Read your property sale contract carefully

23rd May 2017

Buying your first home or any property is exciting however, it’s also a time to be very cautious.  Signing a property for sale contract is an enormous obligation.

Mistakes can have serious legal consequences.

You may be feeling pressured by your family, the real estate agent or others to sign the contract.  It’s important that you don’t act on impulse and react to the pressure.  Take your time to read the property for sale contract.  Do you know what each clause means and what the implications are if you simply accept each clause?

This is especially true when faced with the drama of going to auction.  Bidding at an auction is different.  As soon as the hammer goes down you are required to pay a 10% deposit and sign the contract.  In this situation, it’s important that you have had a lawyer read over the contract and advise you of any foreseeable issues.

The contract will have general conditions.  While these may seem perfectly acceptable, you must protect yourself against issues such as:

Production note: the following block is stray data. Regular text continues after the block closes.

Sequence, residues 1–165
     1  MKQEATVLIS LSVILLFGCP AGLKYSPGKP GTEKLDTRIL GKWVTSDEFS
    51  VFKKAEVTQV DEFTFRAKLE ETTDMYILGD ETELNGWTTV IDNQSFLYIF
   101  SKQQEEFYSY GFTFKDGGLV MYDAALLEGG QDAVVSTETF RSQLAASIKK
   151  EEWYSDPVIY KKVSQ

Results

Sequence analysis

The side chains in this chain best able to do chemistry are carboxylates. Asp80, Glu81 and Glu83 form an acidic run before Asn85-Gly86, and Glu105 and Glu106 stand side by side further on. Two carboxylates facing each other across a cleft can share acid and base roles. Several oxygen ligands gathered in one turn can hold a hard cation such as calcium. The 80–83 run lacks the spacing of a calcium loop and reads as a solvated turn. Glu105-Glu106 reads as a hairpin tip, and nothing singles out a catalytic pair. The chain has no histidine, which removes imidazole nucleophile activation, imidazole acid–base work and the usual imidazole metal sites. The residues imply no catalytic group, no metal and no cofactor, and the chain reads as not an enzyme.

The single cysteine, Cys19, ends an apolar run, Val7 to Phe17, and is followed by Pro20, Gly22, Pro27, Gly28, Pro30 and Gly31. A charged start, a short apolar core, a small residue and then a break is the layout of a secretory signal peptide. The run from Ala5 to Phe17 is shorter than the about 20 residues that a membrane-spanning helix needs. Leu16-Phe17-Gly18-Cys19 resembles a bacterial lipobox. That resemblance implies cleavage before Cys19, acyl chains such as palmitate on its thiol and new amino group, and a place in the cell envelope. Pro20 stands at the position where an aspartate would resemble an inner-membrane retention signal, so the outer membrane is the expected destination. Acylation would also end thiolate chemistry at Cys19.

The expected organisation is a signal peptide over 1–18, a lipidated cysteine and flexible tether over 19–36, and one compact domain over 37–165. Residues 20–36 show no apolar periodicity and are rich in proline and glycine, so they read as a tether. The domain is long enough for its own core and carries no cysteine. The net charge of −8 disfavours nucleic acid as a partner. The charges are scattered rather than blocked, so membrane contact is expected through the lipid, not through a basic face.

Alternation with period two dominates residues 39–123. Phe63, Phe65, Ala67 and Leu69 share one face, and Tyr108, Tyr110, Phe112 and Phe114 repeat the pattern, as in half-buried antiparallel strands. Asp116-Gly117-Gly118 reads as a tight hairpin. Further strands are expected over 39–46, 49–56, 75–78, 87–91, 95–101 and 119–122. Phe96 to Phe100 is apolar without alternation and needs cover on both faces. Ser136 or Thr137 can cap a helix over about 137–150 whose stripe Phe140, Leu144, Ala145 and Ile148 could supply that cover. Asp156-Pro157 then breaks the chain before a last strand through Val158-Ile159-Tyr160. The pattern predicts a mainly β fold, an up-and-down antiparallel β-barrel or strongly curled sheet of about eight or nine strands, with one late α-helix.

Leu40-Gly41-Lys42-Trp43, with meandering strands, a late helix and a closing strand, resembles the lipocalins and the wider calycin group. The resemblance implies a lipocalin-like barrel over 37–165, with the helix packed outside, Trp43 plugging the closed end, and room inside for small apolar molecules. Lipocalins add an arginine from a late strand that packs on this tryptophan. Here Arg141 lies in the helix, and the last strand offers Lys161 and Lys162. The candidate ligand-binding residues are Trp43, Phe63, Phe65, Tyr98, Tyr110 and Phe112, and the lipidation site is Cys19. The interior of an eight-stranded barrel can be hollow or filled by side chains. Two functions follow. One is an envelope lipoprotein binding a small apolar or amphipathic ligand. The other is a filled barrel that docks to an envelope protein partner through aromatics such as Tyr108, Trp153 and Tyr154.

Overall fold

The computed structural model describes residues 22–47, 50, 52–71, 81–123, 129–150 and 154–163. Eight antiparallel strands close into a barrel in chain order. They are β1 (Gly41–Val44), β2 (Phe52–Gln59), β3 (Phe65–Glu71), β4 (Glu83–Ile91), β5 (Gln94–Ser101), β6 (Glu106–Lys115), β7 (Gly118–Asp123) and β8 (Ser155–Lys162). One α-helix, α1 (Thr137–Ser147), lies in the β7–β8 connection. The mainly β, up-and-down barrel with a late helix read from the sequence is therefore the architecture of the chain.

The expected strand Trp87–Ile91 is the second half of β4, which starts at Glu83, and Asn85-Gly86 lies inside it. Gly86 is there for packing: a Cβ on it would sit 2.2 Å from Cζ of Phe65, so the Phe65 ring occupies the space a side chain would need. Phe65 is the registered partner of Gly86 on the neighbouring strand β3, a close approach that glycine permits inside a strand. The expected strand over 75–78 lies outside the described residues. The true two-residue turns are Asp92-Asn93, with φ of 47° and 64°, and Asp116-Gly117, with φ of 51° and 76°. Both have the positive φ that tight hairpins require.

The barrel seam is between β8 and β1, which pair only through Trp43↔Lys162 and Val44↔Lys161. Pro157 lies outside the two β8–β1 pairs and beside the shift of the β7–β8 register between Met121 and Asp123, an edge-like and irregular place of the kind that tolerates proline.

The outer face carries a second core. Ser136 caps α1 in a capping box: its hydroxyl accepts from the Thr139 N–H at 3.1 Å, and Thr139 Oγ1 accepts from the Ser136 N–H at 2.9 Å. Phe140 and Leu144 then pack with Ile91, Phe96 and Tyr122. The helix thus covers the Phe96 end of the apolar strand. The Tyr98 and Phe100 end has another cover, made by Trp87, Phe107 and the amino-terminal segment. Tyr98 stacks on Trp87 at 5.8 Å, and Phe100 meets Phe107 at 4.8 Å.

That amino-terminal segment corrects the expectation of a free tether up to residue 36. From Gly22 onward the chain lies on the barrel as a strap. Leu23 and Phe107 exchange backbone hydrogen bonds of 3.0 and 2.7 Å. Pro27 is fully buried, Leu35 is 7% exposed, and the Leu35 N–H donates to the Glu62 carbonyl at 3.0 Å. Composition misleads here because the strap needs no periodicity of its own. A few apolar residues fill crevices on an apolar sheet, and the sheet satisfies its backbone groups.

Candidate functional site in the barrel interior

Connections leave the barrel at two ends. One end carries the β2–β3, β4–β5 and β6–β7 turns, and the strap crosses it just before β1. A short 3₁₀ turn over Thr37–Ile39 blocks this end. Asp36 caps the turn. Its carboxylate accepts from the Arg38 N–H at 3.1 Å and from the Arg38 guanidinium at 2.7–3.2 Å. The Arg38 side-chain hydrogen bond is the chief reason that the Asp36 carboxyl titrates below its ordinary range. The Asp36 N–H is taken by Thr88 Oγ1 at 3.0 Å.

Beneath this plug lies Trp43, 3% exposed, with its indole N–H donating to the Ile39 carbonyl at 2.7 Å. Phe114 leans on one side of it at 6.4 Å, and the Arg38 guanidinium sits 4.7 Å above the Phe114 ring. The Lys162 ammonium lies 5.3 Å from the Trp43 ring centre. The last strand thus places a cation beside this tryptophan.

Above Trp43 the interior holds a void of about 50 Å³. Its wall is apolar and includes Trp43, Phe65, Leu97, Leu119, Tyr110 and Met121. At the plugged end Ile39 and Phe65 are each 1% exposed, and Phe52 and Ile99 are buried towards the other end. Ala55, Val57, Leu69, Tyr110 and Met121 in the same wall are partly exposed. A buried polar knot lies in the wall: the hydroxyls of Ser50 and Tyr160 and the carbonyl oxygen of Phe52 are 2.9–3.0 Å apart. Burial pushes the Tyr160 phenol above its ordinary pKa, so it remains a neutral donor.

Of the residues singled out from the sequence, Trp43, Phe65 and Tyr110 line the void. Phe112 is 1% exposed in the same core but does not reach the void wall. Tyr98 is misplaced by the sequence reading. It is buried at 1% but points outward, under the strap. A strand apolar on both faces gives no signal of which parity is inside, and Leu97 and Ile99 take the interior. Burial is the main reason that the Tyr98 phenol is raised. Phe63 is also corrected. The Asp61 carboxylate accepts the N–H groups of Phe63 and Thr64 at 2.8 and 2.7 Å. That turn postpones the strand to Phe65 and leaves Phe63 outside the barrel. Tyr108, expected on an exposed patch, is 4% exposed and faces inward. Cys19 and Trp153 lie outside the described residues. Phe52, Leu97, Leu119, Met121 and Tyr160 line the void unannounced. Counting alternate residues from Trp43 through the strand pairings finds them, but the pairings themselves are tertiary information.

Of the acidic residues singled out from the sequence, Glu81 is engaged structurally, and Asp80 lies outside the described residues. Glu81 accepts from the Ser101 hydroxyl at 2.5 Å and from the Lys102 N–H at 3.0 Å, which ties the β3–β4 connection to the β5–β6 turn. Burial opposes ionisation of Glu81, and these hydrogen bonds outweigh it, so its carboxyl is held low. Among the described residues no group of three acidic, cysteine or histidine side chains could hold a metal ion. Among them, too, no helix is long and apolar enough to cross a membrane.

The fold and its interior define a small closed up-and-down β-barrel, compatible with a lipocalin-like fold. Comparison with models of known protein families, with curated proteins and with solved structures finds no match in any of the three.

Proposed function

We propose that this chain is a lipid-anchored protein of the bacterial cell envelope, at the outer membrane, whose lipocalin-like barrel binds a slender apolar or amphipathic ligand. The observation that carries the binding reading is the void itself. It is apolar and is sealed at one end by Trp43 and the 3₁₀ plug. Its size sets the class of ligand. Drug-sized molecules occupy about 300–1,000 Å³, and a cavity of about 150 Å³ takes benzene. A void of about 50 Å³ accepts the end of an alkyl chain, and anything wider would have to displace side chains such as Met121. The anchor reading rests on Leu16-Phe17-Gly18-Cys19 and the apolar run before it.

• Loss or damage before settlement; or
• A breach of contract by the other party.

Look for special conditions in the contract.

Special conditions may be written about any aspect of the sale. Key issues are often include:

• Subject to obtaining finance or building and pest report; or
• Penalties for delay of settlement.

You need to know what you are getting yourself into before you sign a property for sale contract.  You cannot go back and say you didn’t really understand or that you didn’t realise that the condition related to this property.

You have worked so hard to save the deposit for the property.  Or perhaps you are investing your superannuation.  Either way it’s important to take this seriously.

When you receive the contract, make a time for us to review it together.  Truly understanding each condition in the contract and how it may financially impact on you and your family may be the best investment you make.

Please note the content of this post is information only and not legal advice.  If you require legal advice it is best to contact one of our lawyers who can review your particular circumstances and then provide tailored advice according to your needs.

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